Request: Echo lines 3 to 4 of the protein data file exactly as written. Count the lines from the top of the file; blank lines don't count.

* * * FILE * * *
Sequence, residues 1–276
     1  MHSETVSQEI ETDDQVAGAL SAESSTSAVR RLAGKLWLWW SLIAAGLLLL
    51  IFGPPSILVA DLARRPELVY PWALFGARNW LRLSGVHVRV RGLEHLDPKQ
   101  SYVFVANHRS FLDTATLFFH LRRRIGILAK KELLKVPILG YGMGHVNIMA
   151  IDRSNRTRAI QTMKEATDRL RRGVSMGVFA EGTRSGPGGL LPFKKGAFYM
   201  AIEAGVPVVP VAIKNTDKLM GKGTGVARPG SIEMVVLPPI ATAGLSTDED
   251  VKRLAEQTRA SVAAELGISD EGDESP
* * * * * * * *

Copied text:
    51  IFGPPSILVA DLARRPELVY PWALFGARNW LRLSGVHVRV RGLEHLDPKQ
   101  SYVFVANHRS FLDTATLFFH LRRRIGILAK KELLKVPILG YGMGHVNIMA